Let’s talk clinical trials – a TASK Academy series – article #4 –

Having various search engines at our fingertips and information constantly being fed to us, whether asked for or not, is part of the technological world we live in. So how do you determine whether the information you receive is fact or fake?

During the past year a lot of misinformation on COVID-19 has been doing the rounds, and even more so now with the approval and distribution of the various vaccines.

 The first phase of vaccine rollout to healthcare workers is a secret experiment to see how safe the vaccine is.

Vaccines that are approved for use in South Africa have already undergone rigorous clinical trials to evaluate them for safety and efficacy.

I believe that the public still has a lot of reservations and questions surrounding the topic of clinical trials as there are many misconceptions and myths floating around as truths.  In today’s article I want to address some of them.


  1. FAKE: Clinical trials are dangerous as they use medicine that has never been tested before

FACT: All clinical trials are born from a pre-clinical trial stage. This stage is what we call the “discovery and exploratory research stage” where libraries, built over decades with thousands of possible compounds to treat a disease, are stored. They are scanned through to find a possible match to treat the disease. Only the promising compounds are then tested in laboratories and sometimes also in animals. This pre-clinical stage can take years and only after all the collective experience is reviewed by highly qualified experts the use of a product in clinical trials in humans is permitted. All safety and efficacy data are documented in a book that we call the “investigational brochure”, and the first phase of an in-human trial (Phase 1 of 3) will only start if the compound information in this book shows that there is no or very low risk for human use

2. FAKE: Clinical trials have more risks to me than benefits 

FACT: As clinical trials are designed for research purposes, some level of risk is involved. However, a participant will only receive the investigational product (IP) after it has gone through rigorous testing processes that showed it to be safe for human use. Participant safety and wellbeing is a key principle in clinical research and is documented in the international Good Clinical Practice (GCP) guidelines. If you choose to participate in a clinical trial, you will be informed upfront during the informed consent process about any possible risks that may exist, and you will be given the opportunity to ask questions and you can always choose not to participate or withdraw your consent. You only need to sign the consent and participate if your concerns were addressed, and you agree to take part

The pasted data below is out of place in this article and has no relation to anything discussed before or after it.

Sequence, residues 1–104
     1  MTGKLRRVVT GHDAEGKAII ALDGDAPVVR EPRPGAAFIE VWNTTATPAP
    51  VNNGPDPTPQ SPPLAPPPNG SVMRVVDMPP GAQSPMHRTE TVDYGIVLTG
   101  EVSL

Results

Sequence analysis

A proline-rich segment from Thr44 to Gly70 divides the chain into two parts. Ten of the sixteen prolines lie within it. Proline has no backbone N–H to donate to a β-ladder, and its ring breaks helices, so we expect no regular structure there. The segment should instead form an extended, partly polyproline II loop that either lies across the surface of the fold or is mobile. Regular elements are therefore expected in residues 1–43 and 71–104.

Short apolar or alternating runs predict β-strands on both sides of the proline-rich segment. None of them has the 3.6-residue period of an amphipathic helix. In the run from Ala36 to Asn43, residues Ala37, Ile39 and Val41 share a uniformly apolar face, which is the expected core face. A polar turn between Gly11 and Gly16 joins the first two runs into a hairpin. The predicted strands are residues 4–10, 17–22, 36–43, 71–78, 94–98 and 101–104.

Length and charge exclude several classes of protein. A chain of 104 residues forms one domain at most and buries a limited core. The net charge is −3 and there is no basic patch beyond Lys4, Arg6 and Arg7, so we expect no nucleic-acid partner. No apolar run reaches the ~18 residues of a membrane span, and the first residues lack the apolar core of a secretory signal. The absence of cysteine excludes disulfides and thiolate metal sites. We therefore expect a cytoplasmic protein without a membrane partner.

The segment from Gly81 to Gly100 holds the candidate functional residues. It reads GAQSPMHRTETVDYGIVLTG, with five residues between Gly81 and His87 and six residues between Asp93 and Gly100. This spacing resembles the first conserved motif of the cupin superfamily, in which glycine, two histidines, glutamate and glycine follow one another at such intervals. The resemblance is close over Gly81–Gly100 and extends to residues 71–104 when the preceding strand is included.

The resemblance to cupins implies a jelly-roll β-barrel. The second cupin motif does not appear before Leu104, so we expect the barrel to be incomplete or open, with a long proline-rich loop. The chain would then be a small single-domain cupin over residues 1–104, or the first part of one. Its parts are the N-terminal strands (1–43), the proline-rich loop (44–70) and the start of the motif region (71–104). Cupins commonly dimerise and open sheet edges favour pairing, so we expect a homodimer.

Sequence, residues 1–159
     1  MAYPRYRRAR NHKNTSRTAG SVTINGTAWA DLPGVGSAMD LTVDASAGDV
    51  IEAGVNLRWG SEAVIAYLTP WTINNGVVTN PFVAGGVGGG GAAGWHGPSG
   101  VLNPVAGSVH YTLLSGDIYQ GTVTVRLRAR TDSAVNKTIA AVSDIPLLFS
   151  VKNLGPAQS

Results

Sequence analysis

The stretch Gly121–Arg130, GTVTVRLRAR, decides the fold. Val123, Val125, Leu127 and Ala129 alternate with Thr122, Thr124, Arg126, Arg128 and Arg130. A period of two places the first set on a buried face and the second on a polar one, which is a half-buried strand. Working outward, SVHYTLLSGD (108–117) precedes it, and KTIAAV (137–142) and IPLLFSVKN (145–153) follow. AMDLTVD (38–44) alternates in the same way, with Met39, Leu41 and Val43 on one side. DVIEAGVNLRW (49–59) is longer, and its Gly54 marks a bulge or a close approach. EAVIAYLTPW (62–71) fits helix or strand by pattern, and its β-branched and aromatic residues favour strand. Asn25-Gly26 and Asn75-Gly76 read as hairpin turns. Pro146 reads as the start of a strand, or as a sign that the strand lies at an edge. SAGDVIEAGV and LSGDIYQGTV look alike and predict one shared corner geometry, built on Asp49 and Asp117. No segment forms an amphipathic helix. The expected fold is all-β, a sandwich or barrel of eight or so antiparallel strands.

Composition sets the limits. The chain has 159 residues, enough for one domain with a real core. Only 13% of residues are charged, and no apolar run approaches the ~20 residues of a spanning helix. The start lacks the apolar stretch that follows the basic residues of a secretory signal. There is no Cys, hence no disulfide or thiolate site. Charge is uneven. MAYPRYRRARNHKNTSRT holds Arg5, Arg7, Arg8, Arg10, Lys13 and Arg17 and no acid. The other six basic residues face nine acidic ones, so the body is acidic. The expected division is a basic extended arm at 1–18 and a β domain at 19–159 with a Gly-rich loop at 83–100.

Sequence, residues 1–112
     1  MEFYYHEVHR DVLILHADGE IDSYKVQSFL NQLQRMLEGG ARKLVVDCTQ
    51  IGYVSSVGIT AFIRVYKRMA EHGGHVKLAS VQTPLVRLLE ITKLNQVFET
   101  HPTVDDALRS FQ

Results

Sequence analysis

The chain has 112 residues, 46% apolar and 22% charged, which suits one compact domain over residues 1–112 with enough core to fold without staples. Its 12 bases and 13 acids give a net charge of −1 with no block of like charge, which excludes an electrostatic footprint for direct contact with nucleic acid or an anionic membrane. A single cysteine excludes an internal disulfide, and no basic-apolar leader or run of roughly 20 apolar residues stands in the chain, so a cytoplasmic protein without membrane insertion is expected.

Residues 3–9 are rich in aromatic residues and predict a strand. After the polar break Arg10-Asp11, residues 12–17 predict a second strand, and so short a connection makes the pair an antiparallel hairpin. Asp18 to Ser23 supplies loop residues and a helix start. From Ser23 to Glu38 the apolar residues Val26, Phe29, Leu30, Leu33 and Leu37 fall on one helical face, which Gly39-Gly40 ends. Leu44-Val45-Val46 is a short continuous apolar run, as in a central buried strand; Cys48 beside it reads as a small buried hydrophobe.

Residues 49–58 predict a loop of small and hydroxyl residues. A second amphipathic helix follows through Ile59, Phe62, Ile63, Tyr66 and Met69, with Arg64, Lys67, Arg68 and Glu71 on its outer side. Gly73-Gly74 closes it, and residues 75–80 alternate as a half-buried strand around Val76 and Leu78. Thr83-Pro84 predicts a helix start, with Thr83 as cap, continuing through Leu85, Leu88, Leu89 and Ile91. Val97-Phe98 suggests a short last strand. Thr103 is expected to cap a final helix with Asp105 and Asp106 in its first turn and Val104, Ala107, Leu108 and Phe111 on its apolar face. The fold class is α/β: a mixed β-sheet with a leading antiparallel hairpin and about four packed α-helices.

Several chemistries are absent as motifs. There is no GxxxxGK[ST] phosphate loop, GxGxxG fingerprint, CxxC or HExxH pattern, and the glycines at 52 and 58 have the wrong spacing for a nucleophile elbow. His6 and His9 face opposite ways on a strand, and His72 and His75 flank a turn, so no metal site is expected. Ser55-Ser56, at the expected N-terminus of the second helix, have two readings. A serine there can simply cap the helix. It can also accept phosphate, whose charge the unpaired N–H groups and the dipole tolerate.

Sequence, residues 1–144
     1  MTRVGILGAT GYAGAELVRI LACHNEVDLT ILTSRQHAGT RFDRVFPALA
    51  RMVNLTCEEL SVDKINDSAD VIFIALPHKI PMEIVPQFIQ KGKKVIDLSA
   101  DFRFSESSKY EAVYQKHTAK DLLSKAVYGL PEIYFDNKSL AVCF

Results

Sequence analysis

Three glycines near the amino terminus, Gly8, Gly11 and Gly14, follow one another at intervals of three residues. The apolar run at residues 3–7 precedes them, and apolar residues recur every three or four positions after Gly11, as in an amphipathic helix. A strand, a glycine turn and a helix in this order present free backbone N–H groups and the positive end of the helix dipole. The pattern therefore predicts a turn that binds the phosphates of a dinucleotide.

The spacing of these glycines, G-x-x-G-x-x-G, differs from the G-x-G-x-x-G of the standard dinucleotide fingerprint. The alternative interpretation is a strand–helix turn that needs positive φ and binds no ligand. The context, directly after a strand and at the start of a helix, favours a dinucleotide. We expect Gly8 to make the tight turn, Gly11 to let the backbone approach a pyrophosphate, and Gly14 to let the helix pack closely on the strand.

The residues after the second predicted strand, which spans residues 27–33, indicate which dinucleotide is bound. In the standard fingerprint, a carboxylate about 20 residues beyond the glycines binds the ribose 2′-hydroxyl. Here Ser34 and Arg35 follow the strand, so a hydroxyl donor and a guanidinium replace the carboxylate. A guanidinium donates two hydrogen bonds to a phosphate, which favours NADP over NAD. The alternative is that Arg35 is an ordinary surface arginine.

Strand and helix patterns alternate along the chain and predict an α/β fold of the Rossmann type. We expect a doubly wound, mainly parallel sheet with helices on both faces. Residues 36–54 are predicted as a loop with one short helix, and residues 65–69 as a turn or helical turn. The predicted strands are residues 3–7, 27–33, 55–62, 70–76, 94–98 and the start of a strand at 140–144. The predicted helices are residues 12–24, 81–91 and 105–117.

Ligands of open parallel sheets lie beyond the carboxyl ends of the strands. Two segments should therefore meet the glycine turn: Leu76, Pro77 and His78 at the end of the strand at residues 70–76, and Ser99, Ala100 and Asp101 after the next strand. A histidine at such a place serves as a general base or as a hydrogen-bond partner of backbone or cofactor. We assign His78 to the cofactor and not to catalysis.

3. FAKE: Once I decide to participate in a clinical trial, I must finish the trial and cannot continue with any treatment at my clinic or private doctor. 

FACT: Participating in a clinical trial is voluntary. Signing a consent form is not like signing a contract. There is no “notice period”. You do not even have to give a reason for withdrawing consent if you do not wish to. You can withdraw your consent at any stage in the trial, even directly after you signed consent.  When you start the trial, you might be asked to stop your current treatment as you will now receive the investigational product (or IP in short). When you withdraw consent, you will be taken off the IP and you will be referred to your local clinic or private doctor. If you agree to it, we can also inform your doctor / clinic that you are on a trial so that they can also be aware. 

4. FAKE: I have heard from a friend that she “failed” the screening test to be on a trial.